The following is an excerpt of a study published in Critical Reviews in Biotechnology on the future of plant breeding and plant biotechnology.
Most of the genetically modified (GM) plants currently commercialized encompass a handful of crop species (soybean, corn, cotton and canola) with agronomic characters (traits) directed against some biotic stresses (pest resistance, herbicide tolerance or both) and created by multinational companies. The same crops with agronomic traits already on the market today will continue to be commercialized, but there will be also a wider range of species with combined traits.
The timeframe anticipated for market release of the next biotech plants will not only depend on science progress in research and development (R&D) in laboratories and fields, but also primarily on how demanding regulatory requirements are in countries where marketing approvals are pending. Regulatory constraints, including environmental and health impact assessments, have increased significantly in the past decades, delaying approvals and increasing their costs. This has sometimes discouraged public research entities and small and medium size plant breeding companies from using biotechnology and given preference to other technologies, not as stringently regulated.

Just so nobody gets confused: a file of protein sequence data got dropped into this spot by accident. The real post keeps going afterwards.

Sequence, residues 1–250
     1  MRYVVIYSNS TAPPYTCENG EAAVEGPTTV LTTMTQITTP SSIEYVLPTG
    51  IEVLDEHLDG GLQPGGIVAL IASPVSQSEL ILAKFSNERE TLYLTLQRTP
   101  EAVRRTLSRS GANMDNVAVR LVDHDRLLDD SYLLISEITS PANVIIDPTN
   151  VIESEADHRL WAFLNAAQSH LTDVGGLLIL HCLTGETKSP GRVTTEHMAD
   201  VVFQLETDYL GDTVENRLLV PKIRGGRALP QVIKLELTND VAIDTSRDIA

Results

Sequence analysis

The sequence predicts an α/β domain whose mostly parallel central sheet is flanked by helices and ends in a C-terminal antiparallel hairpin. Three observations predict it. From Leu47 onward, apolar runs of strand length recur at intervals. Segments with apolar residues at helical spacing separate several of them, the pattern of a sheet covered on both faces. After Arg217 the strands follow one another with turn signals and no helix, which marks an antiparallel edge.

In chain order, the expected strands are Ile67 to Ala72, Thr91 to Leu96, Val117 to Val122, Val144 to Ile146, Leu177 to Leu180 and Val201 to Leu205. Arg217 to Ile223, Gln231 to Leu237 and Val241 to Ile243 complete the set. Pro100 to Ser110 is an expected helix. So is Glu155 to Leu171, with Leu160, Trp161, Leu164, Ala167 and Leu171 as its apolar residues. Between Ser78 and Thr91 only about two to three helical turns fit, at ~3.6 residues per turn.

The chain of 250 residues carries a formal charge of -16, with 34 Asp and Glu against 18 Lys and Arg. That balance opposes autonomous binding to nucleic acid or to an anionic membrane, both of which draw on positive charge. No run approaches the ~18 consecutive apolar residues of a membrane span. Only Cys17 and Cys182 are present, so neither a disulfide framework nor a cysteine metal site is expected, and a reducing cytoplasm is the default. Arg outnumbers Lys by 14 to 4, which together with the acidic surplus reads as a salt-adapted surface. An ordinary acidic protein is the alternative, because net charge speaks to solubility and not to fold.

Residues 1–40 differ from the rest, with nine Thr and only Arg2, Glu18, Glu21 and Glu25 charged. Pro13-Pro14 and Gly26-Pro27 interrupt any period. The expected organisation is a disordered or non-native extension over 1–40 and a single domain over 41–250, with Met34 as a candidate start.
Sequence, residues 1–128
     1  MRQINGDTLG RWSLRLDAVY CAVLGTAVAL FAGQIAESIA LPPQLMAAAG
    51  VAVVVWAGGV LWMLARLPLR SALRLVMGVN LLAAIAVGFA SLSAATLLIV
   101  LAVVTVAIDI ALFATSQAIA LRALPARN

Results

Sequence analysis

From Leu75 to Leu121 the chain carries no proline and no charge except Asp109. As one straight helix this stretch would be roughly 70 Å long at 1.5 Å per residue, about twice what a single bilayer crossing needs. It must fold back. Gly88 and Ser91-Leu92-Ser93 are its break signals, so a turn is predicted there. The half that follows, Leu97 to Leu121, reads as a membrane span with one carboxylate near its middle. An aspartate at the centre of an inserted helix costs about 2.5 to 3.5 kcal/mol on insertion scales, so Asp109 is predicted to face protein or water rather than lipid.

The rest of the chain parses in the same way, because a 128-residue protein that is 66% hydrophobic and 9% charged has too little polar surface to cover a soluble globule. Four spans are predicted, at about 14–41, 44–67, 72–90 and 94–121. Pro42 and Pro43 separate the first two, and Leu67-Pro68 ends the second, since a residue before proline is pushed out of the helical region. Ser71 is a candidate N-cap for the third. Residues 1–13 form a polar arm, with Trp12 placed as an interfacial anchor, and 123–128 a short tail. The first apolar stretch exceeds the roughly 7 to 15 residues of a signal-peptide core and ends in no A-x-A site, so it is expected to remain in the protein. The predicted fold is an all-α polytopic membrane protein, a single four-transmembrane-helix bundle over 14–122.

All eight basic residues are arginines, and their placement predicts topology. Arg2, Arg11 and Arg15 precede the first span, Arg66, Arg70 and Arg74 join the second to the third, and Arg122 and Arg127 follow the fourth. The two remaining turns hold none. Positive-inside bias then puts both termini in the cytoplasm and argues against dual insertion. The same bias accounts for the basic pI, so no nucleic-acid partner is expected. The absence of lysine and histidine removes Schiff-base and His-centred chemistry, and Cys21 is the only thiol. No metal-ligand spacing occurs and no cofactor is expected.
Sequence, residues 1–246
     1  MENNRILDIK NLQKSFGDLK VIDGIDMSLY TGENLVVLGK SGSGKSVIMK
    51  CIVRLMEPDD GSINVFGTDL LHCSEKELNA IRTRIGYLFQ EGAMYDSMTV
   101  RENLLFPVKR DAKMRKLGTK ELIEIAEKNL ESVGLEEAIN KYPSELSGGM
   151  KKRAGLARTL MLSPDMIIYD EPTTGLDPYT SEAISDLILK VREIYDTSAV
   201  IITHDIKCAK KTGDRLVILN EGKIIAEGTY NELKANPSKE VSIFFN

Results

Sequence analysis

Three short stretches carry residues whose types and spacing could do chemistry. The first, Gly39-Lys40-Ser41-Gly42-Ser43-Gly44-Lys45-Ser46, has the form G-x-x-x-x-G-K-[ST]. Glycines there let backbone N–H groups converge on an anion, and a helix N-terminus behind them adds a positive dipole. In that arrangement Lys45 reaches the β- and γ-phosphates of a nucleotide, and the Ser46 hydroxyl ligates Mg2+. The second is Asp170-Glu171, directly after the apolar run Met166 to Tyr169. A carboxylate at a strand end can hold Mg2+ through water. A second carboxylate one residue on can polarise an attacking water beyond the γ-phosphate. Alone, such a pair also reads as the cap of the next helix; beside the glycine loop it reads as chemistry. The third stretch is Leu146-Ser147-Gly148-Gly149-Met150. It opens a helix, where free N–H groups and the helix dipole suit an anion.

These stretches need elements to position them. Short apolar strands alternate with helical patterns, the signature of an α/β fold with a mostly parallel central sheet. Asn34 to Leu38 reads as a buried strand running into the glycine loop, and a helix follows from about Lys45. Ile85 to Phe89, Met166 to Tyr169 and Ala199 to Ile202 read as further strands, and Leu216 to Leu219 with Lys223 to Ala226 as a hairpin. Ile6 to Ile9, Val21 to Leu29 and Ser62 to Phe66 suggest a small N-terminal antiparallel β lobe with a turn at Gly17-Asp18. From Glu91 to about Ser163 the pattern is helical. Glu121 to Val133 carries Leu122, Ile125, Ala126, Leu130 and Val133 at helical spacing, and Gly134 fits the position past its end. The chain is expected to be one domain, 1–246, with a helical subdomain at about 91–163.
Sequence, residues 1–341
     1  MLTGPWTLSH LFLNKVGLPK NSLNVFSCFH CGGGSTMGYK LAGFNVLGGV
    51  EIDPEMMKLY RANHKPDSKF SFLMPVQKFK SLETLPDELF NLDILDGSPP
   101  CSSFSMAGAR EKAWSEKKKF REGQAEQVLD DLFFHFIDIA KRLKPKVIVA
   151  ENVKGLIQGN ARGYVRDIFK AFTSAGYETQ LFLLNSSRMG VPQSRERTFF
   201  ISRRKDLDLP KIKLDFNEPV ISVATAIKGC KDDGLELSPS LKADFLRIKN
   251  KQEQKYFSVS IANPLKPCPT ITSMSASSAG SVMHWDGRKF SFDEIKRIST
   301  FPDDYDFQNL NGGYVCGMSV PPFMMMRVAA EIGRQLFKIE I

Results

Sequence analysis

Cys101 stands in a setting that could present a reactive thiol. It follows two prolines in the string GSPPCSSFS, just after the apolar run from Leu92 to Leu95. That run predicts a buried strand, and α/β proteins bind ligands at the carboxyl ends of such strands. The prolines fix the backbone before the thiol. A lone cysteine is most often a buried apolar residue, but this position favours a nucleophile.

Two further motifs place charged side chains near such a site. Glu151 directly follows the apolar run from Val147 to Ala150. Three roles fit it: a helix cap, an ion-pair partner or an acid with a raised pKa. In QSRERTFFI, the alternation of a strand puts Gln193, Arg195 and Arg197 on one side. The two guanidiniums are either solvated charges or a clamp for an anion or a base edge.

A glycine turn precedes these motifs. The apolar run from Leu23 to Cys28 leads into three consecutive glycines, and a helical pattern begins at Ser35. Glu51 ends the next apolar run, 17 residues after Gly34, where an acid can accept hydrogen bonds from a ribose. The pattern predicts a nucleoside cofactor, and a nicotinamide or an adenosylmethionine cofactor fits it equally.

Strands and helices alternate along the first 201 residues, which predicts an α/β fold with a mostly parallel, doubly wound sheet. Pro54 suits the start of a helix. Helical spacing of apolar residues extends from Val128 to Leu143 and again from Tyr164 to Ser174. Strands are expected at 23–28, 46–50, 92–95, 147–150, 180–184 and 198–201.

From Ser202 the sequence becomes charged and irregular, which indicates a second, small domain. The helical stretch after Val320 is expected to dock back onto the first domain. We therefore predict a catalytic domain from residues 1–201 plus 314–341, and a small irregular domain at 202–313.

Nevertheless, R&D programs are flourishing in developing countries, boosted by the necessity to meet the global challenges that are food security of a booming world population while mitigating climate change impacts. Biotechnology is an instrument at the service of these imperatives and a wide variety of plants are currently tested for their high yield despite biotic and abiotic stresses. Many plants with higher water or nitrogen use efficiency, tolerant to cold, salinity or water submergence are being developed.
Food security is not only a question of quantity but also of quality of agricultural and food products, to be available and accessible for the ones who need it the most. Many biotech plants (especially staple food) are therefore being developed with nutritional traits, such as biofortification in vitamins and metals. The main international seed companies continue to be the largest investors in plant biotechnology R&D, and often collaborate in the developing world with public institutions, private entities and philanthropic organizations. These partnerships are particularly present in Africa.
In developed countries, plant biotechnology is also used for non-food purposes, such as the pharmaceutical, biofuel, starch, paper and textile industries. For example, plants are modified to specifically produce molecules with therapeutic uses, or with an improved biomass conversion efficiency, or producing larger volumes of feedstocks for biofuels.
To read the entire study, please visit PubMed.gov.